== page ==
Professor, Department of Pathology, Microbiology, and Immunology
Professor, Department of Pediatrics
Professor, Department of Biological Sciences
Research Interests: The main focus of my research is host and pathogen interactions using amphibian model systems. Our work also falls into the category of Eco-Immunology. Currently, my laboratory is pursuing a number of questions concerning the nature of innate and adaptive immune defenses in frog skin against two novel chytrid pathogens linked to global amphibian declines. Understanding the immune defense mechanisms of amphibians has taken on increased importance in recent years because of the urgent problem of global amphibian declines. Little is known about the conventional adaptive immune response against Batrachochytrium dendrobatidis (Bd) and a recently discovered closely related chytrid Batrachochytrium salamandrivorans (Bsal). Our ongoing studies have shown that Bd releases factors which inhibit lymphocyte responses. Preliminary studies suggest that Bsal also releases factors that inhibit immunity. Current research investigates the specific mechanisms by which these fungi may escape immunity. Another focus of my research is the study of antimicrobial peptides in frog skin in defense against bacterial, viral, and fungal pathogens. Currently, we are using growth inhibition assays to test the ability of purified antimicrobial peptides to interfere with growth of specific pathogens that have been associated with global amphibian declines. Another newer area of research is the effects of temperature on immune defenses of local Tennessee amphibians. This relates to the question of how climate change may impact southern amphibians. With collaborators, we are also studying the role of skin microbiota as protectors of amphibians from Bd and Bsal.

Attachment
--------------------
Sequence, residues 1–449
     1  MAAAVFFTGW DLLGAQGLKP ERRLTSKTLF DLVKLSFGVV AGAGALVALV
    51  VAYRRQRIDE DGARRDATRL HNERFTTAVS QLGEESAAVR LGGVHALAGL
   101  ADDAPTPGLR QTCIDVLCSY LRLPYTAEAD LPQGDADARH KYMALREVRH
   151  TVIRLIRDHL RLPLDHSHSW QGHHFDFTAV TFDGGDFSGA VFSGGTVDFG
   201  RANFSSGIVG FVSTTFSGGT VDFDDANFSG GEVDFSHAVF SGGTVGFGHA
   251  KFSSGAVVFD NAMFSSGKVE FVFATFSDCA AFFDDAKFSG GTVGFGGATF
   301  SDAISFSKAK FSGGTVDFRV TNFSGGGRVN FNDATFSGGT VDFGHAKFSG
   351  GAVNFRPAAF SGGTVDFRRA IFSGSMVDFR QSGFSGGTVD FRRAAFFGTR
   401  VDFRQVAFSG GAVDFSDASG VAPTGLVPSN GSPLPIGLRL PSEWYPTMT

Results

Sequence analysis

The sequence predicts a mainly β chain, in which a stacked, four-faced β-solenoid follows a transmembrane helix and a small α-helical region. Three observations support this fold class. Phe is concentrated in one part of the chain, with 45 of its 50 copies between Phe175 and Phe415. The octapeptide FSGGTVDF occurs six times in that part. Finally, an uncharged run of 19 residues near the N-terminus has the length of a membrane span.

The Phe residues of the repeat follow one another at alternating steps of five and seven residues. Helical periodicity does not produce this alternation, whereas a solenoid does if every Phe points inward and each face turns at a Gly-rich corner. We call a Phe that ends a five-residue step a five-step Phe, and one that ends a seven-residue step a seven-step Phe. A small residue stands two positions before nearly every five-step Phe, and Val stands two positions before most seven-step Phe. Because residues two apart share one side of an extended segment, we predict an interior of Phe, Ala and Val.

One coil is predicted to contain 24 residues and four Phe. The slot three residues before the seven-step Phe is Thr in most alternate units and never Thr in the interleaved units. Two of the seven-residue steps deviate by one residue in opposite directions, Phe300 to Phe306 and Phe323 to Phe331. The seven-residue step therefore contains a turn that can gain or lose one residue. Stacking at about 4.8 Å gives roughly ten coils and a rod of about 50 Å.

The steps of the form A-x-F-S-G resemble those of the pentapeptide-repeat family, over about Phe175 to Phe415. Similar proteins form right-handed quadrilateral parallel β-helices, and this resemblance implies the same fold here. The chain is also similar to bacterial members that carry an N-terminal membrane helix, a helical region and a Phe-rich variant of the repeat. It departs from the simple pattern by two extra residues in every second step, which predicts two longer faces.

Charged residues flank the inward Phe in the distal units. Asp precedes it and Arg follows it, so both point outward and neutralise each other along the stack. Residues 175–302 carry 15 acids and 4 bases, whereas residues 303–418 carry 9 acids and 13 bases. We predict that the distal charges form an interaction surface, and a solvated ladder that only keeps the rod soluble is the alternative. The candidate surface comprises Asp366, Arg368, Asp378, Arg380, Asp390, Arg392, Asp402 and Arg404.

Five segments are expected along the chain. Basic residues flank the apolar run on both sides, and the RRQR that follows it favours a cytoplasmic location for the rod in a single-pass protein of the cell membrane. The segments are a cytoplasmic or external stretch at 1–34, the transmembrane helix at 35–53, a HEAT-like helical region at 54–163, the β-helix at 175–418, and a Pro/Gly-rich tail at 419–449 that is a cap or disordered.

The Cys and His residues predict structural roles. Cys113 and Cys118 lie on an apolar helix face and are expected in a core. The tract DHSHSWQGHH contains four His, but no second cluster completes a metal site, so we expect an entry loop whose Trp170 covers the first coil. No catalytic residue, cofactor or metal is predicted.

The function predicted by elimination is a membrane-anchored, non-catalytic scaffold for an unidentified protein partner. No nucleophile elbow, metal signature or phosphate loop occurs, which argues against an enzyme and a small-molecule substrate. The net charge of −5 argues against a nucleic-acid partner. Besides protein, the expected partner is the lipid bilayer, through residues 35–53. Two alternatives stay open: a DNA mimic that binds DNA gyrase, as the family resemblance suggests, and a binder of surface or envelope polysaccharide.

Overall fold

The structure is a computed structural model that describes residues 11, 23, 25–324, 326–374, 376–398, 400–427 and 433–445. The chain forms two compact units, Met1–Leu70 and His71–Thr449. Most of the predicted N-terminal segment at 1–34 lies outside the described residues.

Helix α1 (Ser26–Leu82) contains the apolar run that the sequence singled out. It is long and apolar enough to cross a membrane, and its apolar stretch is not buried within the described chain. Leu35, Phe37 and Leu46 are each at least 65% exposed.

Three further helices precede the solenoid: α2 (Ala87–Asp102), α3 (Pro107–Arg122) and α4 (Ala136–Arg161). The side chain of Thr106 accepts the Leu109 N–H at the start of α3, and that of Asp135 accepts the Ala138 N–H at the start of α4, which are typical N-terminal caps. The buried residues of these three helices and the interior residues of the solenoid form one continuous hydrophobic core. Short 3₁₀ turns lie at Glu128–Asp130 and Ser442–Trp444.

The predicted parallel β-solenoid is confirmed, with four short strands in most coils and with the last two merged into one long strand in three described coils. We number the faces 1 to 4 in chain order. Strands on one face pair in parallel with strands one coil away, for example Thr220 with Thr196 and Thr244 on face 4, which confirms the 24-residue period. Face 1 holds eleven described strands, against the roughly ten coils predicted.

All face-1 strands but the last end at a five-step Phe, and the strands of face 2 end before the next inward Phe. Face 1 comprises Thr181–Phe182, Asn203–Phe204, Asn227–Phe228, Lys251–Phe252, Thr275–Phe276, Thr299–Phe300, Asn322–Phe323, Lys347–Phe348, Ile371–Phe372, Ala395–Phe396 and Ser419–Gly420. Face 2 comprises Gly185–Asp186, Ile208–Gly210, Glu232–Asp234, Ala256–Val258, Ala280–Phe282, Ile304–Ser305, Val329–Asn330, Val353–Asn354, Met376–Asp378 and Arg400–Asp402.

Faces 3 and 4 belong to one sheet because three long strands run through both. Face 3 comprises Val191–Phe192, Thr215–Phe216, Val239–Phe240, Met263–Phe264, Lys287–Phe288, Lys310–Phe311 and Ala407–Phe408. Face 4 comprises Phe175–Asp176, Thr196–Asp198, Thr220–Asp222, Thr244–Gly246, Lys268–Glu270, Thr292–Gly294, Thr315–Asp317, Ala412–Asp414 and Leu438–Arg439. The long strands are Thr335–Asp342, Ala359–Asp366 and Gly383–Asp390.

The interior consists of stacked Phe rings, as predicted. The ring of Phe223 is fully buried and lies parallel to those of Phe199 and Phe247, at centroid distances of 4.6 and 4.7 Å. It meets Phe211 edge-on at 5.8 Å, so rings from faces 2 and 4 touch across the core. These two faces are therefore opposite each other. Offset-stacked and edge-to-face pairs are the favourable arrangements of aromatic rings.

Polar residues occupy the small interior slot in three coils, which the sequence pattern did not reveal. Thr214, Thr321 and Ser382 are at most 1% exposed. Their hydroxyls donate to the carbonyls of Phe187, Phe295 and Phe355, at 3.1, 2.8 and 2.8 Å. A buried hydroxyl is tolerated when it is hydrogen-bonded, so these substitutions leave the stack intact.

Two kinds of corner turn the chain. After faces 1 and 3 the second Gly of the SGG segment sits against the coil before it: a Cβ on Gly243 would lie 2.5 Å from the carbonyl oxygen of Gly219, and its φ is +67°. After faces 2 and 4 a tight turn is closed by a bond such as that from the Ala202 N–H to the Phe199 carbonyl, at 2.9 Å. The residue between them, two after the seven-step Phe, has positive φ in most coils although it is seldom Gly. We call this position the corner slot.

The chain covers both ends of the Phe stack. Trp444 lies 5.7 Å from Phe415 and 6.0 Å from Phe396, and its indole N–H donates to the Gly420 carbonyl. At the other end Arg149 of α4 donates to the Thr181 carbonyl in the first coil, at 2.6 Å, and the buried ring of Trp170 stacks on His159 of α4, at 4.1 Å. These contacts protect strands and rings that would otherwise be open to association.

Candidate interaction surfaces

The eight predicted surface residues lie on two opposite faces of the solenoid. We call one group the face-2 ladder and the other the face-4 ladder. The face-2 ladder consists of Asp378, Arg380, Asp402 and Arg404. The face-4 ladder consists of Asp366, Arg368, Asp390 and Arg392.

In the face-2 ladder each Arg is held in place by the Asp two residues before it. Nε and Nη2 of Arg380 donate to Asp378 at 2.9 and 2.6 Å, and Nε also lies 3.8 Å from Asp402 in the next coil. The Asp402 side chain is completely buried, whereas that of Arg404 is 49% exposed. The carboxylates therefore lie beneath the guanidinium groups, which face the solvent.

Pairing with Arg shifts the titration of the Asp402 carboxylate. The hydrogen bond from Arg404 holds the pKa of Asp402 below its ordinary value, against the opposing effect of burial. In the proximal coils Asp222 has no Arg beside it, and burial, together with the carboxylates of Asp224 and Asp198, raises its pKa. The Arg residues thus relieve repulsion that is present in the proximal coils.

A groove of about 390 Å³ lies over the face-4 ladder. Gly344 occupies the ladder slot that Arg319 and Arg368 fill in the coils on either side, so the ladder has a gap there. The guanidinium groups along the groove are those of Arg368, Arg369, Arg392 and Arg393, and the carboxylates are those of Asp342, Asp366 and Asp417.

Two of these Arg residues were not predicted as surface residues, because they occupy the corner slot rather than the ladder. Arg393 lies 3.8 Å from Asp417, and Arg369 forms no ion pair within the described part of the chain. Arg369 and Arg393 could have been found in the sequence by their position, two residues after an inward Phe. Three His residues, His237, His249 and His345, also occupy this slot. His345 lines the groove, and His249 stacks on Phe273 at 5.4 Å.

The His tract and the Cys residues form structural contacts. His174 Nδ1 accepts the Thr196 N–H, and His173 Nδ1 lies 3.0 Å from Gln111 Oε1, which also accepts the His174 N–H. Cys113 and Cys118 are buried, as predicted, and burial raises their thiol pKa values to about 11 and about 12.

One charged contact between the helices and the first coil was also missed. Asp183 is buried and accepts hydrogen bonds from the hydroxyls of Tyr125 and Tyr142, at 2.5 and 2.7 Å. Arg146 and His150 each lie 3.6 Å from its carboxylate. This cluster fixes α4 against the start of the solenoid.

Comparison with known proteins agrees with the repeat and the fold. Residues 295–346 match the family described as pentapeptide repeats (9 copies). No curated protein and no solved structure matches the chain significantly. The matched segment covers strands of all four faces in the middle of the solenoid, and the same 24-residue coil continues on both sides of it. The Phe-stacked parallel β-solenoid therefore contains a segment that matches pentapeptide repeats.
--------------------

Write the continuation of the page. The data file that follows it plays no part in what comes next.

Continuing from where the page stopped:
Keywords: Innate immune defenses, host and pathogen interactions, immune defenses against Batrachochytrium dendrobatidis, immune defenses against Batrachochytrium salamandrivorans, global amphibian declines, skin microbiota, antimicrobial peptides, climate change research